How to Manage Anxiety While Streaming [Twitch & YouTube]
Many streamers have stated that the act of broadcasting has relieved them of anxiety and other mental-health related issues. People have grown in their confidence and have become stronger people overall. Some see it as a coping mechanism, while others see it as a way to escape.
In this article, we will cover what stream anxiety looks like and ways that you can take steps in overcoming it for yourself.
What Stream Anxiety Looks Like
While the appearance and intensity of the anxiety will vary from person to person, those considering streaming may worry about the following:
Lack of Skill or Knowlege/Comparing Yourself to Others
If you are passionate about wanting to stream something but worry that you aren’t good enough, use it as an opportunity for growth. Go into your project with the admission that you struggle with it. Work hard to improve and ask your viewers to help you along the way. Many people love to help, and watching you grow in something will give them a sense of joy and accomplishment.
While some possess natural talents that others don’t, everyone starts at the beginning sometime. People understand growth, and the right people won’t judge you for trying to improve.
Don’t Compare Yourself to Other Streamers
On the same note, don’t compare yourself and your value with any other person. We recommend that you ignore your view numbers every time you stream. If you need to, make your Twitch chat rules state not to share your viewer count (whether small or large) with anyone.
Instead, stream to make yourself happy. Be the person you would want to watch. As you practice, you will become that person and grow in confidence along the way. Promote yourself, network with other streamers, and make friends. Many streamers (even if they don’t become huge) make great friendships that last years.
The time you spend comparing yourself to others is wasted if you aren’t using it to find ways to increase your own talent and skills.
Other People’s Opinions
Some people hate Ninja. Some people hate DrDisrespect. No streamer is loved by everyone. Despite being listed as one of Richtopia’s Top 200 Most Influential Authors in the World, Orrin Woodard is no stranger to being disliked. He stated, “Learn to use the criticism as fuel and you will never run out of energy.”
Every person in this world is disliked by someone else. Nobody, nobody has achieved a 100% acceptance rate. This will be true regardless of where you go and what you do. As we stated earlier, people with anxiety will indeed take being disliked to heart more often than others who are less anxious. Don’t let that be your excuse.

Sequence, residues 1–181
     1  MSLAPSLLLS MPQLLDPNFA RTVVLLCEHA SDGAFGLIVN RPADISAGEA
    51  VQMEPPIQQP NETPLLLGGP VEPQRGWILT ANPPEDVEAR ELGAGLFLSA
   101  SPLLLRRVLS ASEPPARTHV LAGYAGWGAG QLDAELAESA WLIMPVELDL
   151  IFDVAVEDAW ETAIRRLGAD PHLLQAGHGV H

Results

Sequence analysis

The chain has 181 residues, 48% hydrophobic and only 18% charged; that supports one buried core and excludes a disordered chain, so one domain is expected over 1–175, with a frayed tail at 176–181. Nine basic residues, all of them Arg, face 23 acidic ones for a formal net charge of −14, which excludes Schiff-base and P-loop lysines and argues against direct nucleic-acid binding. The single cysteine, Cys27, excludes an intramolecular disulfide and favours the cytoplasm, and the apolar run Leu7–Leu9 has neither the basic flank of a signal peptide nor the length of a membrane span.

In her book, The Gifts of Imperfection, Brené Brown wrote, “Healthy striving is self-focused: “How can I improve?” Perfectionism is other-focused: “What will they think?” Use the fuel you receive from other’s criticism to push yourself forward.
If you must focus on people’s opinions, listen to those who genuinely want to see you succeed. They will praise your strengths and work with you to overcome your weaknesses. These people genuinely care about you and should be treasured. In the end, does anyone else’s opinions really matter?
It’s your channel, you can stream what you want.
Worried About Failure
The only way you can fail to stream is by not going live. We can’t guarantee that you will ever have a following or that you’ll earn much as a streamer, but you will have tried, which puts you a step above a lot of others who are still too afraid.
Again, the woman known for her research in vulnerability and shame, Brené Brown, stated, “Owning our story can be hard but not nearly as difficult as spending our lives running from it. Embracing our vulnerabilities is risky but not nearly as dangerous as giving up on love and belonging and joy—the experiences that make us the most vulnerable. Only when we are brave enough to explore the darkness will we discover the infinite power of our light.”
Every step you take toward courage takes you away from your fear. The second time you go live will be easier than the first. Even if streaming ultimately isn’t for you, your mindset will change, and it will be easier to jump into your next dream.
Telling Friends that You Stream
Many streamers worry about telling their friends or family that they stream. In many cases, this fear is understandable. Many times, people won’t understand your interest in it and may discourage you. Our recommendation is only to tell those who you know will support you regardless.